Since the first PSP was released, tablets and smartphones have become a great deal more popular, so Sony has included several social applications and more in the Vita so that it can be used for many other functions beside gaming. Still, I can't say I won't ever be using my tablet again as the company has stumbled in this regard. The browser, first of all, is very disappointing. It's slow, clunky, and just doesn't work well in general. There are also a good selection of social applications to download. I've got Facebook and YouTube downloaded at the moment. The former does its job and is pretty intuitive, although in my opinion there aren't enough news stories before you need to click 'show more'. Youtube works great but there are some drawbacks; there's no thumbs up/down system, and before signing in you need to authenticate the Vita application through email before signing in. I can't speak for Skype or Twitter, as I don't use them, but it's good that they're available for download. There's also an implemented Maps feature. It's good enough but, unlike most other applications of this type on other devices, the landscape isn't taken by satellite, so the visuals are not detailed at all, mostly made up of greys and whites.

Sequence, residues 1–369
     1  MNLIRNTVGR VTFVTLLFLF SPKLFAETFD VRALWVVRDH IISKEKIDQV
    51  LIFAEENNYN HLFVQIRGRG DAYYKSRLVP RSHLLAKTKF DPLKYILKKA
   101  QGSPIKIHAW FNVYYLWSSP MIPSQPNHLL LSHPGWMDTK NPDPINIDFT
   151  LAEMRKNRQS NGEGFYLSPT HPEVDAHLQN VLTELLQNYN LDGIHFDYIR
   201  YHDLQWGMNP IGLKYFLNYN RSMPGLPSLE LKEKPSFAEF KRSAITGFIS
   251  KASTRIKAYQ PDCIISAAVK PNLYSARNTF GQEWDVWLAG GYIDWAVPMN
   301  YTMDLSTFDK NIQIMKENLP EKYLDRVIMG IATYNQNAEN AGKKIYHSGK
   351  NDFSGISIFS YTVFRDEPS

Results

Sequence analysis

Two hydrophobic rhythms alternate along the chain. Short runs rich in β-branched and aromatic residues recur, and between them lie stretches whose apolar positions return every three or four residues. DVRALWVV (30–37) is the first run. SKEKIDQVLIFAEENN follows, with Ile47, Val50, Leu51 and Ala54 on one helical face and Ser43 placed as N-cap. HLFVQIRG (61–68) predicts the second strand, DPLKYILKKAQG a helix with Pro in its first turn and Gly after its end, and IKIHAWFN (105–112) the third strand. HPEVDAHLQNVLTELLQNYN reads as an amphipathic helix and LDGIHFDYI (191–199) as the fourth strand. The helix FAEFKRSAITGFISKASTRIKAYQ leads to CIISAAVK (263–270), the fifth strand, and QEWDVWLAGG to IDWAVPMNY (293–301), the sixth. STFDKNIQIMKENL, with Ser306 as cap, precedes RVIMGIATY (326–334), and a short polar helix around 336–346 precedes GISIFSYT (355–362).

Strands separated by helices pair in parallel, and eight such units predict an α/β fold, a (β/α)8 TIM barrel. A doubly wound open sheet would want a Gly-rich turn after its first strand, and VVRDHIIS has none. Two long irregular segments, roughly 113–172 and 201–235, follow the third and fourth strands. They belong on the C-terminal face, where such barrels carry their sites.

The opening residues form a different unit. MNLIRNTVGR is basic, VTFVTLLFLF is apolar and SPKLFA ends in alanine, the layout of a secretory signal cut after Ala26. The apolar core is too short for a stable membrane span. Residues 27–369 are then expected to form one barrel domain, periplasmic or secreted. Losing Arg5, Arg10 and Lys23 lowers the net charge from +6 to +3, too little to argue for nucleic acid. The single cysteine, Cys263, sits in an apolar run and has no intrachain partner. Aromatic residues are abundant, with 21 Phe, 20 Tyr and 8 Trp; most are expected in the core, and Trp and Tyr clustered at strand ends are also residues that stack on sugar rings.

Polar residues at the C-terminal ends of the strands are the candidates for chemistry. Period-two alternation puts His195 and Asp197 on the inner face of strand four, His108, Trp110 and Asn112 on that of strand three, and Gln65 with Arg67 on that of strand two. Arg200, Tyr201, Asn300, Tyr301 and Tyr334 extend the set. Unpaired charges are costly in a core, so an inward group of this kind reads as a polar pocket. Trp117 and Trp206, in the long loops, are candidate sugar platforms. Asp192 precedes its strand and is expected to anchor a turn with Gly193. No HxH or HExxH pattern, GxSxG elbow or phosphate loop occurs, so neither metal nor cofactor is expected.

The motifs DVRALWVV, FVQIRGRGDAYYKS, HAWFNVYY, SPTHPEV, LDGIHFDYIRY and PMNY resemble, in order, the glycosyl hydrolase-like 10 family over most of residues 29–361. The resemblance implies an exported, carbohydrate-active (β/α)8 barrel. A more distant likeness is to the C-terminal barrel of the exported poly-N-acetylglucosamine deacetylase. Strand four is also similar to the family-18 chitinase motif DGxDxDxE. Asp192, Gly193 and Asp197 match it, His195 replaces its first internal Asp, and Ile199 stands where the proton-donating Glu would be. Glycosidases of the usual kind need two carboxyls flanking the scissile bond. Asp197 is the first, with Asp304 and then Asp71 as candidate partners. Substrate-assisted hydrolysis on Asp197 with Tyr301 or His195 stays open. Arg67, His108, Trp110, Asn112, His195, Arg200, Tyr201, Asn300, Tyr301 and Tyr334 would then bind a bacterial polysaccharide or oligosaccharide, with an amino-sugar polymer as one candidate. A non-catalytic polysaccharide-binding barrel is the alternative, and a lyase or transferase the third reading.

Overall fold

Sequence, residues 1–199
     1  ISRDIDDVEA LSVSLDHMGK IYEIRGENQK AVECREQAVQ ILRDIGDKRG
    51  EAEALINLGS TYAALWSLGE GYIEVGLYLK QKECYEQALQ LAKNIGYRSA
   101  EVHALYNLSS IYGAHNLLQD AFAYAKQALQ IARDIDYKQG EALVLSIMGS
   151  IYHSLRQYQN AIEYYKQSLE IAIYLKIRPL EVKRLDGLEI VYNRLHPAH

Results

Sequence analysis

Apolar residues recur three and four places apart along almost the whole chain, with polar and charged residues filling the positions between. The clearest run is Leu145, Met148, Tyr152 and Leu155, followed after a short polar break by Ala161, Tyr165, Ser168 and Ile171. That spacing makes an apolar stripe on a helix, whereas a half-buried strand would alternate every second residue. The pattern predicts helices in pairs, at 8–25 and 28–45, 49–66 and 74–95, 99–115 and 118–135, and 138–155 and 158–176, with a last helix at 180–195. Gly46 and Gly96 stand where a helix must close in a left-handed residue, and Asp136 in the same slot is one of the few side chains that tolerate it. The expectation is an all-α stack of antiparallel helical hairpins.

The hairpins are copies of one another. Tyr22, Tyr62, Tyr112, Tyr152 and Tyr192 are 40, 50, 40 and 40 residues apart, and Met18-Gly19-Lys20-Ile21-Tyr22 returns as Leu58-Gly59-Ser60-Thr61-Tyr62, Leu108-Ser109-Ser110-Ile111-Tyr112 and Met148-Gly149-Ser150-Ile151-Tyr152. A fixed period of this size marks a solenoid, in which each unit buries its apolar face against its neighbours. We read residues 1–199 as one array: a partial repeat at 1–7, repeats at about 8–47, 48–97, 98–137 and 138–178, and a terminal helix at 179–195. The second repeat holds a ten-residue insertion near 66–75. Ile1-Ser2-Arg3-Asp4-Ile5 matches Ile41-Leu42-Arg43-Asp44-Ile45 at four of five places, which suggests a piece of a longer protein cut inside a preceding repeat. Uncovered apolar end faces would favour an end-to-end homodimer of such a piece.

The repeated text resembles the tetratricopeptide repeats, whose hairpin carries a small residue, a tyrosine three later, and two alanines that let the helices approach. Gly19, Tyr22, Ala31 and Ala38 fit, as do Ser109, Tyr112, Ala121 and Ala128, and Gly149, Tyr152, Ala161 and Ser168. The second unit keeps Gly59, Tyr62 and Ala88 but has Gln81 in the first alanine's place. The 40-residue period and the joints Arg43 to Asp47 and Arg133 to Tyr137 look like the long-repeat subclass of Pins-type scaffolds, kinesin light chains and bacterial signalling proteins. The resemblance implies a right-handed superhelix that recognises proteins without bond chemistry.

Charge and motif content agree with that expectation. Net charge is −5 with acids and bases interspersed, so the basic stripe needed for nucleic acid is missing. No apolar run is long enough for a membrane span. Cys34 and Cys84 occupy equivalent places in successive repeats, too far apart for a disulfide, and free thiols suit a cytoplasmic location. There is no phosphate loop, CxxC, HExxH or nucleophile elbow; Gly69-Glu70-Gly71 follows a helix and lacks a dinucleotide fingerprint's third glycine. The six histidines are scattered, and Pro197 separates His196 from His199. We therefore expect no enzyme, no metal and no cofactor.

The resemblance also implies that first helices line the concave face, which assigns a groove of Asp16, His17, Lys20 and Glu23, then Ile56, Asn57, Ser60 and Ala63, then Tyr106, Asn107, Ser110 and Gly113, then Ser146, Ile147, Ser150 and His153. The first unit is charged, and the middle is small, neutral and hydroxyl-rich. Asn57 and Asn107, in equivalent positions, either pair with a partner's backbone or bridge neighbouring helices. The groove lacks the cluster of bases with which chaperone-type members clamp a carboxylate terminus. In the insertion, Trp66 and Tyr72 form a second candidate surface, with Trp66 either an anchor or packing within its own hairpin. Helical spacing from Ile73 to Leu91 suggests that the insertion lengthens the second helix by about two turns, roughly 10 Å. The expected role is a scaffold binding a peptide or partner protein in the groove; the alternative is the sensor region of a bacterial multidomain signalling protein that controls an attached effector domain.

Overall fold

Unlike the PSP, in which you needed to purchase a camera separately, the Vita has front and rear cameras built-in. Both have 0.3 megapixels (yes, disappointing) at 640x480. The results are disappointing. Photos are really grainy and of low quality, making the cameras inferior to those on other devices such as the Samsung Galaxy Tab and iPhone 3G. Colours are far less vivid than most portable devices. Nevertheless, people who aren't looking for top-grade camera quality should be able to put up with it, and the sound that comes with recorded videos is of decent quality. With this and the 3DS XL, it's clear that even the best handheld consoles have a long way to go before being able to produce good cameras.